Just a few photos from the other night up at Hope point taking photos as it was a beautiful clear night.
Saturday, 21 January 2012
This week has been pretty busy with boating operations again. Taking one of the government officers out to do some GPS mapping work, and also ferrying around the two Norwegian reindeer experts who are looking at where they travel and how best to deal with their removal.
Taking one RIB and one Jet boat we headed over to the Barff peninsula whist the GO, Kelvin (invasive plant eradicator) and Matt boat went ashore, setting up the GPS and leaving it to make it’s recordings takes just over an hour, so we had a nice relaxing sit on the boat hanging around and enjoying the scenery.
As I was busy driving the RIB Tommy had borrowed my camera and took photos from the Jet boat. We had a interesting ride back from the Busen having moved the reindeer guys. The flap on the back of the RIB that allows water to drain out had come slightly open, and wondering why we were steadily getting slower I looked around to discover there was about a foot of water sloshing around in the back! In the excitement of opening the flap fully to allow the water to drain away I also managed to pull out one of the engine kill cords, so had to start the engine again too. All good fun!
There were plenty of seals in the water as we were driving around, several times both vessels had to swerve slightly to give them some extra room. They are usually quite inquisitive though leaping out of the water to have a good look, or just being generally curious.
Tuesday, 17 January 2012
On Sunday I was asked to give a science talk to the passengers aboard the expedition ship Polar Pioneer. After the talk I was invited to return for a BBQ in the evening, despite the occasional sleet, rain, hail and chilly wind it was a nice evening, and I especially enjoyed the ice cream cone with rum and raisin, and chocolate ice cream!
Part way through the evening someone shouted that they had seen a whale. I thought it was probably just a large elephant seal as we never get whales in the cove, but sure enough, less than 50m away was a Southern right whale! We put out a radio call to base and they came out to see too, although it was getting pretty dark so there were no good photos. It hung around for quite a spell, and was seen surfacing in different areas in the cove until it was too dark to see. I think the passengers were slightly amused by how excited we were as surely this would happen all the time for us, but no, it really doesn’t!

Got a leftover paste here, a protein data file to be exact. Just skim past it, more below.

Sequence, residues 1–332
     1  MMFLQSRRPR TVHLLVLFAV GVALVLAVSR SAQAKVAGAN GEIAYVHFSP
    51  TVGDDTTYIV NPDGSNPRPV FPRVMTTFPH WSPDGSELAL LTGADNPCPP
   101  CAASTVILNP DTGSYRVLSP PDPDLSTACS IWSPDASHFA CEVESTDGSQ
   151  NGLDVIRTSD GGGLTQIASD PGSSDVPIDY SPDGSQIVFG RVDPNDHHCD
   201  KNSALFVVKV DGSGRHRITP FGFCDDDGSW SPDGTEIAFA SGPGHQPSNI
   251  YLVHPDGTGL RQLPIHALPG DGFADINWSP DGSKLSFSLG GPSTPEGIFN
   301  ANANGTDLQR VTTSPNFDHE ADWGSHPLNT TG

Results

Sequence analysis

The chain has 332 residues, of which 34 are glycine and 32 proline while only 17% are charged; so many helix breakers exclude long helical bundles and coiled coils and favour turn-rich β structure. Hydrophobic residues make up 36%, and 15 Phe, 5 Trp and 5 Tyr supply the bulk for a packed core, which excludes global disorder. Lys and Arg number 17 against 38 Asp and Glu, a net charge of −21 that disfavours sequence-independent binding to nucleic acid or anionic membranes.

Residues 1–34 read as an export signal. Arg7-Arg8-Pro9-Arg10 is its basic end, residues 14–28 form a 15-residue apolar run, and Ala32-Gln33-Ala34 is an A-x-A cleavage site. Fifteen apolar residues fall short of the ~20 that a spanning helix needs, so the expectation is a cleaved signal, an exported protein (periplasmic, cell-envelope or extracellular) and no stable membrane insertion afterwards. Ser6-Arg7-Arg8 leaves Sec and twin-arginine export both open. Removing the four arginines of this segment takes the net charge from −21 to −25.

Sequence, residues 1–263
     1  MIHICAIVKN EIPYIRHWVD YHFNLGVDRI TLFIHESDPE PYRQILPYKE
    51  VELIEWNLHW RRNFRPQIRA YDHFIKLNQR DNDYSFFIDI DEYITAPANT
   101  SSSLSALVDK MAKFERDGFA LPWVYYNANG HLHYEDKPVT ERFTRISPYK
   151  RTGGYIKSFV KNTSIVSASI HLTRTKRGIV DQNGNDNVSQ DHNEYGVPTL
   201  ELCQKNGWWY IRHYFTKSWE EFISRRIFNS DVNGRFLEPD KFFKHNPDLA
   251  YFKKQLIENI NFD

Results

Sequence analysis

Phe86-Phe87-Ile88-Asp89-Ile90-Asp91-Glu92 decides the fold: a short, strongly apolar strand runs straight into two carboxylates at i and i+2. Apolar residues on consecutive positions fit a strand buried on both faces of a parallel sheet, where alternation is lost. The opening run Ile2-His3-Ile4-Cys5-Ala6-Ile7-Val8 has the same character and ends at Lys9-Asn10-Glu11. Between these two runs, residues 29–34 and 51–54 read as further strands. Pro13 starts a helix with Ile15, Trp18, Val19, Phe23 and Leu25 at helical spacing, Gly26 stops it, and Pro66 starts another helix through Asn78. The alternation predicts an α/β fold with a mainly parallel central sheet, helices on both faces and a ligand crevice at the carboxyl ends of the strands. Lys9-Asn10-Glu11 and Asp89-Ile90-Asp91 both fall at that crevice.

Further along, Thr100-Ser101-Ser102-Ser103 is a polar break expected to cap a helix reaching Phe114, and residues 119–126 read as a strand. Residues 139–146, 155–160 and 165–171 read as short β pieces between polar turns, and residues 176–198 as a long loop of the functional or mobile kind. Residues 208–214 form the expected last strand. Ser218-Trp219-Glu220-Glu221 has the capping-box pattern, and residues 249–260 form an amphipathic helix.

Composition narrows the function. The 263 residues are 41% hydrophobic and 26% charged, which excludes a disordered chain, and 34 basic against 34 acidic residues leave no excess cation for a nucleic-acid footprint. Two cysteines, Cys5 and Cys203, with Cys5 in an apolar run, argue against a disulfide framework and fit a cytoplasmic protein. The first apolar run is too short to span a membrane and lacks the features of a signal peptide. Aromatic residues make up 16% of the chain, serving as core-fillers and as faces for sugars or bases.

I was on earlies on Monday, so got up and did the base checks and baked bread. Matt boat appeared fairly early, and out of the window spotted a whale surfacing! With a quick check through the binoculars we could see that there were two Southern right whales, and they were cruising back and forth across the entrance to the cove. Needless to say I quickly grabbed my camera and started taking rather a lot of photos!
By mid morning there was even more excitement as they started doing impressive fluking, raising their tail out of the water and slapping it back down, creating an impressive splash and a boom that we could hear from a mile away!
By using the high speed continuous shooting on my camera I could get 6 frames per second and display them as a kind of filmstrip.
It was amazing to watch the whales, and hopefully over the years there will be more and more to see.
Wednesday, 11 January 2012
There was lots going on last week, trips to Maiviken every 2 days to count the Fur Seals, boating for various visiting scientists and government projects, and finished off with the first session of pup weighing (which I’ll leave for another entry).
One of the first trips out was to take collect a group of 4 Norwegian Lake corers from the Busen peninsula. The amount of gear they had was astonishing. Two inflatable boats, outboard, coring equipment, pipes to store cores, a ladder, personal gear etc. It only just fitted on the back of the harbour launch. There was plenty of ice about which had come off the glacier, it wasn’t tight packed, and with the boats being very manoeuvrable it was easy enough to weave a path through. The second trip out was to collect two people from another location on the Busen, they had been catching rats for DNA sampling. They didn’t have too much gear, so it was a straightforward trip. They had found an elephant seal weaner stuck in a wallow, so extra guys from base came to to help dig it out.
Weaner set free
The lake corers then went on a trip to the Barff peninsula. Jon and I drove the RIB on this trip, it was a nice change to driving harbour launch. They stayed at Corral hut, but all their other equipment was dropped off further along the coast. Two of our staff went over for a bit of a holiday and helped them out with carrying gear up the hill to the lake.
I discovered I’d started to wear holes in my work Paramo jacket where my rucksack goes and where the elastic waist cord is in the jacket. I’ve taken the cord out now as I don’t use it anyway.
On the way back from Maiviken Tommy and Ernie were servicing the hydro station. It is switched off as builders were digging near the HV cable. They also managed to scrape the cable, so it stayed off for a few days. All the annual servicing has been done now though so not a wasted outage. It’s a very interesting turbine, shape, and incredibly efficient too. Hydro servicing complete and HV cable all fine we are now back on green energy.
That’s all for now, so until pup weighing appears, Happy New Year to you all.
Tuesday, 3 January 2012
I just heard (possibly been told already but forgot) that the Krill trawler that I went on over the winter went in to Cape Town for a bit of a refit, (ships going to South America were mysteriously catching fire), and guess what, she caught fire.
There are more pictures here at shipwrecklog.com
|© Glenn Kasner|